Non-Performing Asset Value

Mon. Dec. 11, 2017

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How to Value a Non-Performing Asset

The information on this page is a subjective narration that we hope will help you identify some of the variables that should be considered when seeking to establish the value of an ;asset, at some point in time. This is by no means complete, and is not intended to be relied upon as a definitive guide.

What is the Real Estate Worth?

There are many, many ways to conduct this research, and it is beyond the scope of any one web site to answer this Question, much less provide all the resources available on the Internet. But as a service, and for your amusement, we offer these:

Zillow estimates (programmatically) the value of real estate in many parts of the country. It's only an estimate, and not consistent, but is one source of basic information, which is sometimes very useful, especially when photos are included.

NETR (Nationwide Environmental Title Research) has a web site with links to a great many sources of public records and research on real estate and property information, deeds & mortgages, tax records, parcel maps, assessment records, and public records nationwide. State and County government records may be accessed through their Public Records Online portal (just click on the state and go from there).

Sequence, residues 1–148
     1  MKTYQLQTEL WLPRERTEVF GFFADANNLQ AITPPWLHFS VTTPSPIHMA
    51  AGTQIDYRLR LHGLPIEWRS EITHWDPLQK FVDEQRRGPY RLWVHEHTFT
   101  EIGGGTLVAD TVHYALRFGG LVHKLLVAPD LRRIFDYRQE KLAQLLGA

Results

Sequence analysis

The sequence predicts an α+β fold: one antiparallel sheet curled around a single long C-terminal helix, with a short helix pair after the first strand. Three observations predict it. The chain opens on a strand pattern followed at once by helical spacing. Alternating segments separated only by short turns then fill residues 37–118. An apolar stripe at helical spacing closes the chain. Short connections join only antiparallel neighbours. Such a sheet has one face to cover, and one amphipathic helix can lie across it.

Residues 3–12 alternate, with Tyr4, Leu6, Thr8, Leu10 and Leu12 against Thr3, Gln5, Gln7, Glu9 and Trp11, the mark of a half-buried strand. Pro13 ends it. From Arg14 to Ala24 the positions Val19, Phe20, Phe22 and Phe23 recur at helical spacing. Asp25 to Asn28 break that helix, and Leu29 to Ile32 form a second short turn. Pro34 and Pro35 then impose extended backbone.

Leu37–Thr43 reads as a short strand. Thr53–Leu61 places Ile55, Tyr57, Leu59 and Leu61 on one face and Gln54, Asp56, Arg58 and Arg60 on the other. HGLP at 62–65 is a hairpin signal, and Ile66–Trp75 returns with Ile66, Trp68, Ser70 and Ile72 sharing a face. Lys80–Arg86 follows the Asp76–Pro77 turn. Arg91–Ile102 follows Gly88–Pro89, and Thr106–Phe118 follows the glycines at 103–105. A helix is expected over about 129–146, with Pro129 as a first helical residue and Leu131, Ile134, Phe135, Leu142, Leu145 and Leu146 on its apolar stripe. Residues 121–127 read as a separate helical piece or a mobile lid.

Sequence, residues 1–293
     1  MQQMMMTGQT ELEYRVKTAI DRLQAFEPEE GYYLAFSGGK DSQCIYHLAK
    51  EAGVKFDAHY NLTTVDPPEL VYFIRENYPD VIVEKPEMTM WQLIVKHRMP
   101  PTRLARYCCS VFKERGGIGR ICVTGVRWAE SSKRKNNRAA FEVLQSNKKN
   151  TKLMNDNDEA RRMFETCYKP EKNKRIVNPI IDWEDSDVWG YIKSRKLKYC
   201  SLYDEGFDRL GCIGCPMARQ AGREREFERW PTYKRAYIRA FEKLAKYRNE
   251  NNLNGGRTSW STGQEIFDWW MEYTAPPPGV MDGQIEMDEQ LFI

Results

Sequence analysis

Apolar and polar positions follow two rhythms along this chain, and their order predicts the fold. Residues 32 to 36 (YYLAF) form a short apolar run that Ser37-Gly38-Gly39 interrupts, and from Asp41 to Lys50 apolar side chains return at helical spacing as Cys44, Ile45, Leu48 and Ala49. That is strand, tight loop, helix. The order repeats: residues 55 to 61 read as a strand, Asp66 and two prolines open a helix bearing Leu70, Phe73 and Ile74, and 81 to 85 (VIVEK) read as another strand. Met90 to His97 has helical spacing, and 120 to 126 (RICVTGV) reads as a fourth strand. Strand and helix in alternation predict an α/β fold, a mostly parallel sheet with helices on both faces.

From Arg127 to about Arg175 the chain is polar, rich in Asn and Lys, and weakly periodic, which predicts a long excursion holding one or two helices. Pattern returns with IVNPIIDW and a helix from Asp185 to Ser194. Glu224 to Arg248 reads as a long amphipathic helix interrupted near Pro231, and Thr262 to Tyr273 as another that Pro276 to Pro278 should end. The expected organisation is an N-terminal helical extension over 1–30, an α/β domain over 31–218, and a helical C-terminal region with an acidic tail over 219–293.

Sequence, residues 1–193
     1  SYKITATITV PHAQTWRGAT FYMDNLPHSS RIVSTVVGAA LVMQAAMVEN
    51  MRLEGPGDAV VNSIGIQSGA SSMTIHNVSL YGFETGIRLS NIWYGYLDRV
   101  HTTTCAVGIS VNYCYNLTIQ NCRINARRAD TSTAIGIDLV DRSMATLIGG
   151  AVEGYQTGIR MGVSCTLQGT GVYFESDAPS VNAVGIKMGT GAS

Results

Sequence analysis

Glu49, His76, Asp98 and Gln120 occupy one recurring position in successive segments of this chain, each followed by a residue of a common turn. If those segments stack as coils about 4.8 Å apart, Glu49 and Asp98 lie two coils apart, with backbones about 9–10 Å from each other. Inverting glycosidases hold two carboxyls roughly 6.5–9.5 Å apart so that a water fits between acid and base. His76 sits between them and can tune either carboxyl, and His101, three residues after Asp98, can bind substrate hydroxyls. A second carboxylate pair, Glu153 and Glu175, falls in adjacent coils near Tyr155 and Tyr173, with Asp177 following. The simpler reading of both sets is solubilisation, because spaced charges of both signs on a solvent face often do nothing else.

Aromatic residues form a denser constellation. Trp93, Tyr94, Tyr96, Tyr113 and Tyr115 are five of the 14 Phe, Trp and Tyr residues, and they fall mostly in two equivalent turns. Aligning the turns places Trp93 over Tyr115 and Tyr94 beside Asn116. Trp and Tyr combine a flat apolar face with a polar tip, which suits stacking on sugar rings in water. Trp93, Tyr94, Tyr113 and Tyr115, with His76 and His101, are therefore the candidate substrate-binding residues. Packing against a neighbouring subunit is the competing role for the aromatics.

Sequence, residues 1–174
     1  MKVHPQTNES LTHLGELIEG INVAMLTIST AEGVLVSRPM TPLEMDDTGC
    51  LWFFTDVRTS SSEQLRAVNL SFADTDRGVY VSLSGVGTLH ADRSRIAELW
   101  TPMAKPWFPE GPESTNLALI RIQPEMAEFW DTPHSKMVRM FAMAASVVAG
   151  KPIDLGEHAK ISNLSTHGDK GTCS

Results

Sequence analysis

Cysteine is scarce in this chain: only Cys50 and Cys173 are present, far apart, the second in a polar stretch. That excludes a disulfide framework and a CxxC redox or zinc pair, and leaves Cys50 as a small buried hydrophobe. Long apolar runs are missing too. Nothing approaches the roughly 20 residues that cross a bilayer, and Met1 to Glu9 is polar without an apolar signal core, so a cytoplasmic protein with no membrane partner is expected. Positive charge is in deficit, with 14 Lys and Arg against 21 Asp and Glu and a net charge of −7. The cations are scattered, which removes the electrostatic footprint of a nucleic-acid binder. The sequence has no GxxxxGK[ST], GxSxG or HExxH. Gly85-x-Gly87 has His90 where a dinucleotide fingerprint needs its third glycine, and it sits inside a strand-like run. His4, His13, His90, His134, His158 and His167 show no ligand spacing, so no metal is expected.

As you can see, establishing the value of a nonperforming asset, which is not necessarily the same as establishing the price, is not a trivial matter, although it can be readily described.

One of the reasons that sellers and buyers often enter into an agreement by which the price is contingent upon the ultimate recovery is because there are so many variables, and the parties often disagree on the value of one or more of the variables. Each party is taking a risk, and sometimes everyone is best served, and most comfortable, by sharing that risk.

If you would like more information, or help further researching the valuation of your non-performing assets, or if you would like Cherokee to review them, please contact Jay Wolfkind at (732) 741-2000.

To see an overview of what Cherokee buys, and some of the criteria we utilize, please see An Overview of What We Buy.

What is the Asset Worth?

This is obviously the million dollar question.

There is never one correct answer. It's like asking the worth of an admission ticket to a sporting event. It depends ... on who's buying it, when, where the game is versus the location of the buyer and seller, how hot one or both of the teams is at that moment, the motivation of the respective buyer and seller, resale regulations, and the relative supply and demand. What was the original price? Has the weather forecast changed? And on and on. All of these factors can change over time.

Without being facetious, there can be just as many variables that affect the net present value of a non-performing distressed asset, whether that asset is a tax lien, a mortgage, a piece of property, or something else.